“While cultures are obviously unique there are similarities between living in a dominate society that has one view and having a different world view,” Ahtone said. “Even if those other world views are not compatible there are similar experiences of that.”
Many images explore the idea of dual identity and how native peoples around the world handle stereotypes in their way of living or dress, Ahtone said.
“A lot of time people are looking to indigenous people, and including Native American people, in that maybe a particular look is going to tell you who that person is,” she said. “... I think that’s one of the things about identity that this exhibition kind of gets to is, it’s no longer that phenotypic manner of identifying people but it’s also the ways that they might seek to create visual signals of who they are.”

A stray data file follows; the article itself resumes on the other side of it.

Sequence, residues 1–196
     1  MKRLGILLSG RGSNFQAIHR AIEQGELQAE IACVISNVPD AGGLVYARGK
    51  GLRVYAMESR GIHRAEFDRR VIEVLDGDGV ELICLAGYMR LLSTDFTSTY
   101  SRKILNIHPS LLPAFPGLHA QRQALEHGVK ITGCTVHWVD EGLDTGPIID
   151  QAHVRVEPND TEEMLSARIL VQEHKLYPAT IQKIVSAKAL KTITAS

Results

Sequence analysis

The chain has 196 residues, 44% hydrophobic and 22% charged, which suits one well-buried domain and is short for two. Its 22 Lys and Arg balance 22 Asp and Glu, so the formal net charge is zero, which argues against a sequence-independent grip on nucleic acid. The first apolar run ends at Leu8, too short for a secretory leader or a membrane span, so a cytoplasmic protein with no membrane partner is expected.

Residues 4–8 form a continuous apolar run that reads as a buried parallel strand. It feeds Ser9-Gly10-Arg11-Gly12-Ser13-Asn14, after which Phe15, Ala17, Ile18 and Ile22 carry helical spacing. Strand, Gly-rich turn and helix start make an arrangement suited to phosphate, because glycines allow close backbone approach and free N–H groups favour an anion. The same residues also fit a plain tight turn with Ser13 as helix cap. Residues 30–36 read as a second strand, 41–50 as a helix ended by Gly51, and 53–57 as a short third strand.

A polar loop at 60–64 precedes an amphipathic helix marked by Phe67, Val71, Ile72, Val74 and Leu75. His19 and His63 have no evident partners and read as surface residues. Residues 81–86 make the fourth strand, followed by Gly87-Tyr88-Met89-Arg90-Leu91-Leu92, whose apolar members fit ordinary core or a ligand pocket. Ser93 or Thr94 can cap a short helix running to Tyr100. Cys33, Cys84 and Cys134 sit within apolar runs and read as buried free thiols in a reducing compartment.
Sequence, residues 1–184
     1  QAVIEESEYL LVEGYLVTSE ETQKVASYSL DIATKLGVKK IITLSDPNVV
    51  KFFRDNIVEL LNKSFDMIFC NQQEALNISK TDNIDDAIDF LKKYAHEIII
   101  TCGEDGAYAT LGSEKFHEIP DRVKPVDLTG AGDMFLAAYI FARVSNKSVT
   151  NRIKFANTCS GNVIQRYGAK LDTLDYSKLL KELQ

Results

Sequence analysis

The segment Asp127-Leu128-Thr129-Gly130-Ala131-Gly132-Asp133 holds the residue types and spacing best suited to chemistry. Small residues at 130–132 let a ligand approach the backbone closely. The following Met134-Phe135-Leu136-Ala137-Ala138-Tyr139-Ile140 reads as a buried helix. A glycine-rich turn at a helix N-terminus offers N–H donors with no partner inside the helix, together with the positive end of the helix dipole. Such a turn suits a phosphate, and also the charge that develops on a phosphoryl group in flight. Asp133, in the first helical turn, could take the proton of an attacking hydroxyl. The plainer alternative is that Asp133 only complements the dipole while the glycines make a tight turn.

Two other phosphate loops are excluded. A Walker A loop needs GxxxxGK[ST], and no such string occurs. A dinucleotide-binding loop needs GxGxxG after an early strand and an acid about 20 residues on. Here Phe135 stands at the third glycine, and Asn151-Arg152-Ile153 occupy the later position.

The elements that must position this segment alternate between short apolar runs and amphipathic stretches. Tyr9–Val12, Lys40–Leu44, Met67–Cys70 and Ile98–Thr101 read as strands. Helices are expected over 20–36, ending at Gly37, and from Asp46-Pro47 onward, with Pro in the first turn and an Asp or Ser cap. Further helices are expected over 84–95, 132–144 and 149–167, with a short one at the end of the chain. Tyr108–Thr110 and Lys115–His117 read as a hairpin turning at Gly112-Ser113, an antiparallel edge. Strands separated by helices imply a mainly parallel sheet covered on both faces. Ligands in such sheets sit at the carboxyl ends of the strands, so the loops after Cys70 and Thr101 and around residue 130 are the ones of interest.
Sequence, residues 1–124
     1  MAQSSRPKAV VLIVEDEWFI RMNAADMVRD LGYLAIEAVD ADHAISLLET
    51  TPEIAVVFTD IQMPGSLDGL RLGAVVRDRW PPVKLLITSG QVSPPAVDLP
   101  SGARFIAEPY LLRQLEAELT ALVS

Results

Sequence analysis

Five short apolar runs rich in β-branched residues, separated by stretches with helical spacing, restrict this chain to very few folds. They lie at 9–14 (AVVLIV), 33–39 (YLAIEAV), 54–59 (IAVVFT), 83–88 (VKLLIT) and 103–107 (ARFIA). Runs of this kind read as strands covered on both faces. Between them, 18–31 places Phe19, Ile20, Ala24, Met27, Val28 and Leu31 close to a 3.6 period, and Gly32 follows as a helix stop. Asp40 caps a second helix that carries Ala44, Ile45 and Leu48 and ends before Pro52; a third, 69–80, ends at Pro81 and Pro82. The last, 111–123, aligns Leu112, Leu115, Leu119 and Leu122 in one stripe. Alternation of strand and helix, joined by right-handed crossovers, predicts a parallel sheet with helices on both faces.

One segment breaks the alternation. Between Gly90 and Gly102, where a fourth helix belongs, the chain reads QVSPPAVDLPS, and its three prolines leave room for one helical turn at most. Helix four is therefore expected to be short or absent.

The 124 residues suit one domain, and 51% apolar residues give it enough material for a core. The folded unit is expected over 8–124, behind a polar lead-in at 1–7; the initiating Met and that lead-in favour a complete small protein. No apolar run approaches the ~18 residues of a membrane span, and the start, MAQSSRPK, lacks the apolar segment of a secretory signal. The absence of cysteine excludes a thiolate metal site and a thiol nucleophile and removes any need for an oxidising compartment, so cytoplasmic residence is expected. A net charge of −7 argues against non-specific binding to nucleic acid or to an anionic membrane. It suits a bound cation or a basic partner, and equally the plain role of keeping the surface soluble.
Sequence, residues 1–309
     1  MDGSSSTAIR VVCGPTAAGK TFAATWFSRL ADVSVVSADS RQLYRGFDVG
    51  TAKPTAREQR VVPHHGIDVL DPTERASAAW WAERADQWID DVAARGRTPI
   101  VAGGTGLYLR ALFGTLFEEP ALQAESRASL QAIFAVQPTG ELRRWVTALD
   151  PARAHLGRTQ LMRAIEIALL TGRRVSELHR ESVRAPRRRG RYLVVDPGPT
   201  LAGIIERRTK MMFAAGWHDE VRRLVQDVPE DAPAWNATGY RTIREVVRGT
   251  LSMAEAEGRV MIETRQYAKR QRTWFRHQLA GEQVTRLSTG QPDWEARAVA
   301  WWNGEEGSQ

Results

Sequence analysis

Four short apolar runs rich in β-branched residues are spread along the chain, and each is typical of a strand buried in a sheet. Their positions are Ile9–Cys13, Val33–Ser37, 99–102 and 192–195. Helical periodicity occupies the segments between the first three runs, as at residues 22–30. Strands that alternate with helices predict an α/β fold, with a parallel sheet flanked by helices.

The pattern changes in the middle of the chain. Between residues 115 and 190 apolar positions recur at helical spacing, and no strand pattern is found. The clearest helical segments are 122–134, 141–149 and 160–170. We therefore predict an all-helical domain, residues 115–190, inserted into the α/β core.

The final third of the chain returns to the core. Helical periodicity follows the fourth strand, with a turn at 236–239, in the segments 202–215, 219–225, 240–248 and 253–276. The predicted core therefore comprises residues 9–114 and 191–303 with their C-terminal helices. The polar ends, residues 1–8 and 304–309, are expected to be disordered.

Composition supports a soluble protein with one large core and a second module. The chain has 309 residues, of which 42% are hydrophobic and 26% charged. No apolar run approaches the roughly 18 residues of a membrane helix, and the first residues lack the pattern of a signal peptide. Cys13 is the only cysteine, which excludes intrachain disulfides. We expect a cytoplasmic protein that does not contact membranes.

One historical image shows a group of Native American women dressed in the contemporary clothing of 1902. Ahtone said the photograph starts a difficult conversation about visual cues related to Native Americans — there’s no visual references to clue the viewer in that they’re looking at Native Americans, but does that make them any less Native American? As Ahtone asked, can we allow people culturally to be something that evolves without needing to look a certain way?
“I think we can see that was already a question that could be raised 100 years ago,” Ahtone said. “Why are we still dealing with the same d*** question?”
“Our People, Our Land, Our Images” is on display April 4 to May 25 at the Fred Jones Jr. Museum of Art, 555 Elm Ave.
One of the artists included in the exhibit, Shan Goshorn, Native American artist and activist from Tulsa, will be giving a gallery talk 6:30 p.m. April 11 at the museum.
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